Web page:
Utilization vs Use - Complete Guide (with Examples) (2023)

"Use" and "usage" are almost identical when spelled. However, there are some nuances you need to understand that allow native speakers to create a subtle difference between them. This article examines when to use which variant.

What is the difference between "use" and "use"?

"Use" works when something is used. It is a verb form, so we must use it whenever we "use" (ie, "uncommon") something. "Use" is the state of "being used" and refers to how something might be used (ie "used outside the normal").

Utilization vs Use - Complete Guide (with Examples) (1)

You can think of "use" as the noun form of the verb "to use." We use it to describe the state of something that is in use.

Of course, that doesn't help much when you present it with almost identical examples like this:

  • This uniform is not for general use.
  • This uniform is not for general use.

Both examples are correct. The only subtle difference is "general use" or "general use". We use "in" as a preposition because "use" is a verb that indicates that we are using something.

"Use" is a noun, which means that a preposition is not required in a sentence.

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What does "use" mean?

Let's start by first examining the use of "usage". It's the form of the verb, so you'll probably find it.

"Use" means that we use something. It comes from the verb form "to use", which shows that we make something work or do things as intended.

It is common to use "to use" as a synonym for the noun "to use". However, this is mostly true informally, and there aren't many formal cases where it's acceptable to write "use" instead of "use".

Example sentences with "use"

Some of these examples should help you:

  1. If you want to use this correctly, we recommend reading this guide.
  2. I'm sorry, but using this product is not ideal! We have to get it out of him immediately.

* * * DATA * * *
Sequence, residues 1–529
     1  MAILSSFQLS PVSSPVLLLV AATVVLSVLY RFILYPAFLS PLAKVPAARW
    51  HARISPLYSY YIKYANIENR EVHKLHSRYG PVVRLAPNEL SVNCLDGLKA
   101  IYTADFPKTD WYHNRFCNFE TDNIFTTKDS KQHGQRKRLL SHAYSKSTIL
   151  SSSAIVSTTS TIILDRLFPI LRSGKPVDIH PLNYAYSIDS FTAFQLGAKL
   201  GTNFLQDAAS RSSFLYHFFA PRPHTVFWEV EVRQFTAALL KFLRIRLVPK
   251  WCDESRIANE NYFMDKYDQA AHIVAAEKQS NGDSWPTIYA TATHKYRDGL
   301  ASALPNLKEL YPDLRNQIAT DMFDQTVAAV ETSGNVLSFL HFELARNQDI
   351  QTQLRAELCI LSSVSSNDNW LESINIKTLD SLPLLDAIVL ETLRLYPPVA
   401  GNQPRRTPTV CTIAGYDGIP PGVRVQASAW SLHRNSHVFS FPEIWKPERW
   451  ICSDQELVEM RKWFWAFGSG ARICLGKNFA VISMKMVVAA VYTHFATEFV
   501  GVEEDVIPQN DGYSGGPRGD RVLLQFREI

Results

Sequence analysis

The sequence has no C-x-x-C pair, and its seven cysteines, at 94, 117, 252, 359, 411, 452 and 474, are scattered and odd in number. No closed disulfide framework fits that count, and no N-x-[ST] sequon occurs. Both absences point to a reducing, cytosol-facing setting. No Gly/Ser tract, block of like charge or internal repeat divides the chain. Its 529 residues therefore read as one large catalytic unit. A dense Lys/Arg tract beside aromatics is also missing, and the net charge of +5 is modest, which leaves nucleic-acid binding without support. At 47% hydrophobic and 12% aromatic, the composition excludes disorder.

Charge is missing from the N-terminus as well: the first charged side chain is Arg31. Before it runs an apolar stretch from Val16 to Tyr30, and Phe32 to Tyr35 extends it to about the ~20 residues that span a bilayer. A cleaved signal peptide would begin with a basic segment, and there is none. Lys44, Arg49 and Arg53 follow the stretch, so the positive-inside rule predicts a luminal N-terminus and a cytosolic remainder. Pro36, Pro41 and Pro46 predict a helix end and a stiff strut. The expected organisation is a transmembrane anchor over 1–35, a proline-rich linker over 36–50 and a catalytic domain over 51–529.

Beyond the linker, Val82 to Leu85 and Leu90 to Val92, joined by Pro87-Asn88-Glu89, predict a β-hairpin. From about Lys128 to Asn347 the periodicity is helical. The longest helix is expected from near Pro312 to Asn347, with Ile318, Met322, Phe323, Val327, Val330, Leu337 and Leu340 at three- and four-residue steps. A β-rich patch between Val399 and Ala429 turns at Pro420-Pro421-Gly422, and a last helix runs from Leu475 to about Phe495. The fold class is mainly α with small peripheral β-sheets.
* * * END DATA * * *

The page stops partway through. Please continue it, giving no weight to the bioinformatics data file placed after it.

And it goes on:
3. Your use of these strong words is almost unbearable for me. Please don't use them again.
  4. Sometimes my use of language was criticized. I'm not particularly happy with the way people treat me because of it.
  5. If you hadn't researched how to use this thing, I'm sure we would have destroyed it by now.
  6. Your use of this machine is extraordinary! How did you figure out how to use it this way?
  7. This item is ready to use at any time sir. I made all the necessary changes you wanted.

"Use" is a verb, and we use it to show that someone or something can "use" an item. It is sometimes correct as a noun (replacing "use"), but this only applies colloquially.

It is best to try to avoid using "usage" and "use" interchangeably in your writing. You should make sure that you can make the difference formally clear.

What does "use" mean?

So what exactly is the difference we are looking for?

"Use" is a noun. It refers to the state of something that is being used. It is usually not preceded by a subject pronoun (as you would expect from a verb). Instead, we precede it with other nouns or object pronouns, or just show the state something happens in when it is "used".

If you are confused about the pronoun rule, read the following:

  • Subject pronoun: I use it.
  • Object pronouns: Its use is quite remarkable.

Example sentences with "use"

Maybe some more examples will help you understand:

  1. Your command of this language after just a few weeks is remarkably impressive!
  2. Its use makes me squirm. I don't like how he did those things.
  3. If your use of language was any better, I'd have to figure out where you got your brain from!
  4. I need to understand this energy usage bill! I really don't like what I see here.
  5. The fuel consumption of this car is almost too high! I am unable to pay the associated costs.
  6. Whatever the numbers use, it's mebut how happyto pay them for you!
  7. I need to understand the usage numbers before the end of the week. Put the report on my desk, please.

"Use" is a noun. We use it with an object pronoun or another noun (for example, "language use"). It's a great way to show how something is used, rather than the direct act of using it.

Are "Use" and "Usage" interchangeable?

If written informally, there's no reason why "use" and "use" can't be used interchangeably. However, it can create a bad habit in your writing, so it's best to treat "use" as a verb and "use" as a noun when it matters most.